Due to the turbans Sikhs wear, people in Western countries have sometimes confused Sikhs with all Middle Eastern men or Muslims. This has affected Sikhs in times of conflict with elements of the Middle East. For example, during the Iranian hostage crisis when the government of Iran held Americans hostages in its own country, some people in Western countries misunderstood the Sikh turban as a turban worn by all Middle Eastern men. After the World Trade Center attack on September 11, 2001, some people associated Sikhs with terrorists or members of the Taliban. A few days after the attack, Balbir Singh Sodhi, a Sikh man, was gunned down by a person who thought that the victim had ties to Al-Qaeda, concluding that this misconception has lead to an increase in hate-crimes against Sikh men in the United States, <ref> CNN, America, "Hate crime reports up in wake of terrorist attacks" 17 September 2001</ref> and the UK.<ref>Sikhs urging action on faith hate BBC News Online, 5 November 2006. Retrieved 5 November 2006. </ref> Due to the history of Sikhs within the western world, such as, fighting in disproportionately large numbers, approximately 10 fold, in both World War One and World War Two for the allies in the liberation of Europe and the very large number of Victoria crosses won for bravery <ref></ref>. Sikhs are now starting to be recognized by the western world as a friendly, helpful and a integral part of the greater social fabric in the west.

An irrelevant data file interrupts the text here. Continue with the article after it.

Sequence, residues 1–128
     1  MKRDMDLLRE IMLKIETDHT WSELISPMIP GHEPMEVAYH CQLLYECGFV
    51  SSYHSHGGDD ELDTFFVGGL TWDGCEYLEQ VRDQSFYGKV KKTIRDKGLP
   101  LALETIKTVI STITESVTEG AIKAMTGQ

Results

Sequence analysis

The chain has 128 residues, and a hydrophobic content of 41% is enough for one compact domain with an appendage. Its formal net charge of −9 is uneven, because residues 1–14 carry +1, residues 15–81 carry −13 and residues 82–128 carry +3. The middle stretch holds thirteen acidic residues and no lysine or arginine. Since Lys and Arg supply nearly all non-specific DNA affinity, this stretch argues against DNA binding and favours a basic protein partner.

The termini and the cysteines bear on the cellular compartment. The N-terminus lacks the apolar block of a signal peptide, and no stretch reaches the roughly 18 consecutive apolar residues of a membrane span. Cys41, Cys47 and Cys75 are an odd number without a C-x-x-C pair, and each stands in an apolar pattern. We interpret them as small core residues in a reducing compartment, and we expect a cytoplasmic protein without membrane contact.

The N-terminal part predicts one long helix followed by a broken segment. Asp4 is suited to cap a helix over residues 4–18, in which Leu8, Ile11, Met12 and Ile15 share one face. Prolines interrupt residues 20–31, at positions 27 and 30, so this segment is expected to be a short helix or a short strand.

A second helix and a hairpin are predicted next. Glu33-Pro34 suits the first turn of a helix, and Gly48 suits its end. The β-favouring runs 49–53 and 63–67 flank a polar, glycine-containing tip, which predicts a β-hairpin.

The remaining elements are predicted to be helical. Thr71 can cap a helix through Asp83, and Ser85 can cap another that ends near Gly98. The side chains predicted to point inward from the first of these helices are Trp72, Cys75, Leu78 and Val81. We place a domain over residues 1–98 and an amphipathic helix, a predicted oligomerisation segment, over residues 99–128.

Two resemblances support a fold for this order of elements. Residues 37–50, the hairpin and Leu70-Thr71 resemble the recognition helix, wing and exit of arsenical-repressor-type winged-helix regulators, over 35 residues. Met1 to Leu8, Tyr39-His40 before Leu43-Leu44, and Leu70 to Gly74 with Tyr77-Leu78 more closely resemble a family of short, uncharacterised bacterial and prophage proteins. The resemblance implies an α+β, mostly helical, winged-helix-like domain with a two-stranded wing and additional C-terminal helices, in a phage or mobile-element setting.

Prominent Sikhs include Prime Minister of India Dr. Manmohan Singh, Gurbax Malhi, Navdeep Bains in the Canadian Parliament, Dr.Hargobind Singh Khorana - the Sikh Nobel prize winning molecular biologist scientist and General Joginder Jaswant Singh, the Chief of Army Staff of the Indian army.

[edit] References

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[edit] External links

Image:Example.of.complex.text.rendering.svg This page contains Indic text. Without rendering support, you may see irregular vowel positioning and a lack of conjuncts. More...

nl:Sikh no:Sikher nn:Sikhar